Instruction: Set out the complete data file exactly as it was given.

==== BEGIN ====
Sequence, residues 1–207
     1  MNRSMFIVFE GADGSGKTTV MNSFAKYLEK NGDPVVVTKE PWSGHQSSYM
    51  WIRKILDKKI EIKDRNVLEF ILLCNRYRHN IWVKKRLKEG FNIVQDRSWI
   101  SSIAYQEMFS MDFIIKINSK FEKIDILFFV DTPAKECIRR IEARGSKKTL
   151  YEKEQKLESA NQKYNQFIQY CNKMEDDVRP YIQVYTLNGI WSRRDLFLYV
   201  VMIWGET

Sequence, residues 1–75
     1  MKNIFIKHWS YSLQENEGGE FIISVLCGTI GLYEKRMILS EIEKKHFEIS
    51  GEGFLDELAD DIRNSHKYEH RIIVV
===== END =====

Sequence, residues 1–207
     1  MNRSMFIVFE GADGSGKTTV MNSFAKYLEK NGDPVVVTKE PWSGHQSSYM
    51  WIRKILDKKI EIKDRNVLEF ILLCNRYRHN IWVKKRLKEG FNIVQDRSWI
   101  SSIAYQEMFS MDFIIKINSK FEKIDILFFV DTPAKECIRR IEARGSKKTL
   151  YEKEQKLESA NQKYNQFIQY CNKMEDDVRP YIQVYTLNGI WSRRDLFLYV
   201  VMIWGET

Sequence, residues 1–75
     1  MKNIFIKHWS YSLQENEGGE FIISVLCGTI GLYEKRMILS EIEKKHFEIS
    51  GEGFLDELAD DIRNSHKYEH RIIVV